So I always had that instilled in me. So I knew that no matter what, I was going to figure out a solution, figure out a way to make. At the end of the day, I want to help people achieve their own version of the American dream and which is really the best, like the potential that they can see in that, especially in this country. Where is so much opportunity? So at the end of the day, I found a way to create an LLC and that’s how I began to do work for nonprofit small businesses.
I was doing I.T., so doing websites, and that allowed me to get paid through my LLC as a contractor so that I could pay for my studies and people and all of that stuff. But all of my meetings, all of my appointment with business owners, with everybody I was riding my bike to and from work. This is back in 2011 where there was no Uber, no Lift, no nothing back then.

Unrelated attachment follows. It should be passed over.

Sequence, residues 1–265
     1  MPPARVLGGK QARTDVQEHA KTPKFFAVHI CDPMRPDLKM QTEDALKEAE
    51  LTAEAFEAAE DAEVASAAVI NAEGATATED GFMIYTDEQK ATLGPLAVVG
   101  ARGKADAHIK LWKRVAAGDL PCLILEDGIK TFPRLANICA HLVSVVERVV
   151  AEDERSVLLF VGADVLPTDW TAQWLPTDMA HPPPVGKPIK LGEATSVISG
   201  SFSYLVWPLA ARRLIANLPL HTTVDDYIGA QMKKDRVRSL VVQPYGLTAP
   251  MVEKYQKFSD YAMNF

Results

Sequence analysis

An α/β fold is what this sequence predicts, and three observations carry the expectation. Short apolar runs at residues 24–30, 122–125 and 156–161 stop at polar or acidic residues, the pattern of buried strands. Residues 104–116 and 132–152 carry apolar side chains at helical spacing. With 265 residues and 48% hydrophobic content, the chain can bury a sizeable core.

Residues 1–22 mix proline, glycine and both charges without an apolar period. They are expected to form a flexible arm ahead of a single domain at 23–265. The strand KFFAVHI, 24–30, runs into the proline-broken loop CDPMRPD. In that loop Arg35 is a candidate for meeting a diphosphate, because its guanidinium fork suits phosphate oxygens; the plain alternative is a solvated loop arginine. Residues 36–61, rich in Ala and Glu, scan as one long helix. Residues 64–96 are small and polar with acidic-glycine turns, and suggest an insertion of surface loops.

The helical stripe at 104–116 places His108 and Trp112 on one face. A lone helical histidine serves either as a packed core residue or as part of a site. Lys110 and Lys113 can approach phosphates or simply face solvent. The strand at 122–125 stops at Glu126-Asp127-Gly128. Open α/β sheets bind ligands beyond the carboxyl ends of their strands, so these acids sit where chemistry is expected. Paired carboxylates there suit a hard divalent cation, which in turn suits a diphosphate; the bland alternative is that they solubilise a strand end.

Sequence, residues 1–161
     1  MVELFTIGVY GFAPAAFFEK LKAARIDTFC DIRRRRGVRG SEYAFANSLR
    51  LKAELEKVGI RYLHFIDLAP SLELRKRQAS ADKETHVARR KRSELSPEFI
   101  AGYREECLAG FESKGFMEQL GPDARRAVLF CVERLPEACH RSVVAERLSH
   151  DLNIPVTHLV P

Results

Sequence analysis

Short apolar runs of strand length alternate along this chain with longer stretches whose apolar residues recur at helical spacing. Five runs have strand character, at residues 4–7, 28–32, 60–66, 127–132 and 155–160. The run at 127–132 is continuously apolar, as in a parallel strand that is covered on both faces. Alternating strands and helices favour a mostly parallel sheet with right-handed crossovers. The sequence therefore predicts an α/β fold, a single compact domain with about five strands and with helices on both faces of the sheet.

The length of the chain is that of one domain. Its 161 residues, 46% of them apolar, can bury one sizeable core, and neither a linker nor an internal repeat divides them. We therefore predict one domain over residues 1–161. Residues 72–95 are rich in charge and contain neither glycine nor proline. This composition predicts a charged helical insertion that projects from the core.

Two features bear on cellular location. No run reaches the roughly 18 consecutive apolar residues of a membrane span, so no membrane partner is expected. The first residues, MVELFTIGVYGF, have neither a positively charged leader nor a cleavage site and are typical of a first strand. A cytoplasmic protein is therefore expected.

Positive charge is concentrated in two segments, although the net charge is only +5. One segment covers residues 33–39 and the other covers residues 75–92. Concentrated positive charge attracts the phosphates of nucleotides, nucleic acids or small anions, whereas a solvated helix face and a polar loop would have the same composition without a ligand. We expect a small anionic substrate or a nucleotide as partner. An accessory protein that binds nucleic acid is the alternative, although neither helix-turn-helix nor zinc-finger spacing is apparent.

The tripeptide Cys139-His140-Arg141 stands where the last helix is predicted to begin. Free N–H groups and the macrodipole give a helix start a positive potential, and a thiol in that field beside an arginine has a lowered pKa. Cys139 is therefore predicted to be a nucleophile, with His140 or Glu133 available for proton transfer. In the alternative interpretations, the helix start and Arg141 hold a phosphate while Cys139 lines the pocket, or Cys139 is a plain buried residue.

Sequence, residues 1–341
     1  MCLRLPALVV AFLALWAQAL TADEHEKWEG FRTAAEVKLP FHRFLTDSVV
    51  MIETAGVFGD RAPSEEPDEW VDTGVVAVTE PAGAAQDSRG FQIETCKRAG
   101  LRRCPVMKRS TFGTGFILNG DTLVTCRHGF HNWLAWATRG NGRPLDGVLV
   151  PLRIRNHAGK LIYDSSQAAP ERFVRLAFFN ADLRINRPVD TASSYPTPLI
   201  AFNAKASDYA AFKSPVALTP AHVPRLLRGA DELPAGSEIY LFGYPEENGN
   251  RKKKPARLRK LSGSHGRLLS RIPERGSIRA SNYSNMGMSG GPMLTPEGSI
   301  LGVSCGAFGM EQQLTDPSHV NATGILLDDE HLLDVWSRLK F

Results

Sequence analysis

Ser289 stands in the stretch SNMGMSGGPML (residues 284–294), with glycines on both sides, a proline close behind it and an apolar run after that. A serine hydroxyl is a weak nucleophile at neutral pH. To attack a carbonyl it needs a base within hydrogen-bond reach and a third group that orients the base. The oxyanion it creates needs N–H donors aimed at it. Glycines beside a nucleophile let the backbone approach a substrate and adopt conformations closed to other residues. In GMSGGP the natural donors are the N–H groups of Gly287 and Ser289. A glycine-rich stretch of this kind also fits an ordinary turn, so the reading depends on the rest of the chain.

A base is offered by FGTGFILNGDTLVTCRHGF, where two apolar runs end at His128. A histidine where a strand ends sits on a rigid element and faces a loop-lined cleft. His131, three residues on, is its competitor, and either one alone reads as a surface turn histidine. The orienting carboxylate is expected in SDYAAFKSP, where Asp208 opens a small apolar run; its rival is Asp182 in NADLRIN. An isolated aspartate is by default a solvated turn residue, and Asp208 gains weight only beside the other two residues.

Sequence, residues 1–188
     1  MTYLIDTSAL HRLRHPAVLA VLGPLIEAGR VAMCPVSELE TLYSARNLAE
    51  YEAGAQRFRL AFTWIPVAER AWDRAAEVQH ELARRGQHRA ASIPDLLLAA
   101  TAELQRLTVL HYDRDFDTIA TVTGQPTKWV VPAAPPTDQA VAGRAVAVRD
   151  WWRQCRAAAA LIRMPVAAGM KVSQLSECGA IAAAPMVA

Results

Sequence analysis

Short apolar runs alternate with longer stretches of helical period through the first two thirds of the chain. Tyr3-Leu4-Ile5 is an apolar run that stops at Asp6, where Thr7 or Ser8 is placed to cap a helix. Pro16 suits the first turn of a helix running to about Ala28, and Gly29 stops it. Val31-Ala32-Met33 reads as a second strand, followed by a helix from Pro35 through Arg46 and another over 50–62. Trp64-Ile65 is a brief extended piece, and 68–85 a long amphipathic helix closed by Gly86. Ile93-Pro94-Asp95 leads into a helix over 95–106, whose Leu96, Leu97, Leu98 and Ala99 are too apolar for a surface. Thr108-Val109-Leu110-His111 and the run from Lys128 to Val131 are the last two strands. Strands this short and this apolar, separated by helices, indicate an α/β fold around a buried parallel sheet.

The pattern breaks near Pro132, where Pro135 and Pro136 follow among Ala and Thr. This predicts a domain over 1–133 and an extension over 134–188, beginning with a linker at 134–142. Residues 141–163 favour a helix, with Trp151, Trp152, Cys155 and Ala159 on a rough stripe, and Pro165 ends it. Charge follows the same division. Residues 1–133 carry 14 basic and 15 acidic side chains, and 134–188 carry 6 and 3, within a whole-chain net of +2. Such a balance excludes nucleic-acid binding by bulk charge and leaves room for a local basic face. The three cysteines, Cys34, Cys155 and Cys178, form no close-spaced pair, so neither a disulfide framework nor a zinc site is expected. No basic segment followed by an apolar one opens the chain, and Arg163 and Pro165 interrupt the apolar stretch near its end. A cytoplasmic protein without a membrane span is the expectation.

So it was literally me with my bike and a suit in my backpack and just driving to those meetings with a towel drying off and changing in the back of the building, walking to the front of the building and all of that. It wasn’t until the Obama administration passed that Dacca program, which basically, I was twenty two at that time, twenty one twenty two years old, and that program allowed dreamers like me who came to the United States as kids to be able to get a driver’s license and a work permit. So that basically at the age of twenty two, I was finally able to get, quote unquote, a real job and be able to finally get a driver’s license.